The Division of Advanced Cardiac Therapies at Boston Children’s treats children with a wide array of conditions involving the function of the heart muscle, including cardiomyopathy and congenital heart disease. For children whose heart is failing despite traditional care strategies, we manage and treat their condition with innovative medical and surgical therapies to optimize their cardiovascular health and quality of life.
Our large team of cardiologists, cardiac surgeons, nurse practitioners, nurses, social workers, pharmacists, psychologists, and dietitians work together to understand the unique health care needs of your child and create a specialized care plan that best manages their condition. Our specialists have years of experience in diagnosing and treating the complex diseases that lead to heart failure and are recognized throughout the world for their skills and knowledge. Every child is different; we will be with your family every step of the way as we work together to determine how we can provide the best possible care.
Our approach to advanced cardiac therapy
The breadth and depth of our programs, innovative treatments, and unmatched expertise are focused to help your child thrive. If transplantation is necessary, we aim to get them in the best possible health as they await a new heart. Our team closely communicates with other programs and specialties about your child’s treatment as aspects of care often overlap or may change over time.
- The Cardiac Antithrombosis Management Program (CAMP) cares for children who are on anticoagulation regimens to prevent blood clots as they undergo continuing treatment for their heart conditions.
- The Cardiomyopathy Program treats several forms of the disease — including dilated cardiomyopathy and restrictive cardiomyopathy — with medications, mechanical devices, and minimally invasive surgical procedures, and it prepares children for heart transplantation, if needed. The program works closely with the Center for Cardiovascular Genetics, which treats arrhythmogenic cardiomyopathy and hypertrophic cardiomyopathy.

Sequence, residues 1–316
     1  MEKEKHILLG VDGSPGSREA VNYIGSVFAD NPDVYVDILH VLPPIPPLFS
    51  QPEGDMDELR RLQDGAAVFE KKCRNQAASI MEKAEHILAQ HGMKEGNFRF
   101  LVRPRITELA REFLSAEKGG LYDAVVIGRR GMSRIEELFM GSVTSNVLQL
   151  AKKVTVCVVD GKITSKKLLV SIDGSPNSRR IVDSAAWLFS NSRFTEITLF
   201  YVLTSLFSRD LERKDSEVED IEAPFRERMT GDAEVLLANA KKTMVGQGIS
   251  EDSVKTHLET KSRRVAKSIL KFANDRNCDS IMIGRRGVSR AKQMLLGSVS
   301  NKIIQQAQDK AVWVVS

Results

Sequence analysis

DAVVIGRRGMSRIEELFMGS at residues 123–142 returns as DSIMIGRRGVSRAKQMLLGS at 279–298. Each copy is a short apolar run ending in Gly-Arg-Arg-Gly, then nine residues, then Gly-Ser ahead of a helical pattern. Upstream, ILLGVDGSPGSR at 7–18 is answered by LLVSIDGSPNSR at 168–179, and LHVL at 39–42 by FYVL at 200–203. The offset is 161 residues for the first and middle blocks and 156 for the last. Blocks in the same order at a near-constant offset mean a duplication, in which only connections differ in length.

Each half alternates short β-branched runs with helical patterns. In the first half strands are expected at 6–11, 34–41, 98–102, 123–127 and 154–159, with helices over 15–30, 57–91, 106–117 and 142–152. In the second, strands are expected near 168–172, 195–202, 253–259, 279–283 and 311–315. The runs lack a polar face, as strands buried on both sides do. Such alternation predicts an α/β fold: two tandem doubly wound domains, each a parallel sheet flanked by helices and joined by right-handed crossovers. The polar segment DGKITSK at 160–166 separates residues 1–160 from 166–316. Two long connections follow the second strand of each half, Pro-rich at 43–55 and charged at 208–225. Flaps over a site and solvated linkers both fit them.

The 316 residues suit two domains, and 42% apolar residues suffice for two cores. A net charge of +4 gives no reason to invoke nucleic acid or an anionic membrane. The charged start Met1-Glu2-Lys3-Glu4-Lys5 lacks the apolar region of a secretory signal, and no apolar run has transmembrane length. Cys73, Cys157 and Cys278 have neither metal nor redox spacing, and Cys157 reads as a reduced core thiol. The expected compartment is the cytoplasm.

- The Heart Failure Program can diagnose, provide a second opinion, and treat your child’s condition using state-of-the-art medical, surgical, and mechanical support strategies in order to create an optimal care plan. We care for children with heart failure related to cardiomyopathy and congenital heart disease. We will carefully review all treatment options and answer any questions as we help to guide your family in this important phase of care.
- The Heart Transplant Program first focuses, if possible, on medical therapies that may help improve your child’s heart function so the need for transplantation can be avoided or at least delayed. We perform comprehensive, multidisciplinary evaluations to help determine whether transplant is the best option for your child and family. If your child immediately needs a transplant, our experience and innovative techniques allow us to keep them in the best possible health for the best possible outcome. We will support your child and family through the entirety of the transplant process.
- The Ventricular Assist Device (VAD) Program implants mechanical heart pumps to improve the blood flow of children with heart failure, including those with single ventricle defects or other complex congenital heart defects. Depending on your child’s condition, a VAD could serve as a temporary treatment: supporting their heart until a decision about further treatment is made or allowing their heart muscle to recover on its own. A VAD can also be a bridge to transplant, or help your child avoid a transplant altogether and instead depend on the VAD throughout life.
- The Cardio-Oncology Program evaluates and cares for heart conditions possibly related to cancer treatment. Our specialists aim to support your child’s heart and cardiovascular system during and after cancer therapy, and can help determine if any cancer therapies should be avoided because of possible risks to the heart.
- The Neuromuscular Cardiology Program specializes in diagnosing and treating children with various forms of muscular dystrophy, including Duchenne muscular dystrophy, who have a high risk of developing cardiomyopathy, alongside a multidisciplinary subspecialty care team.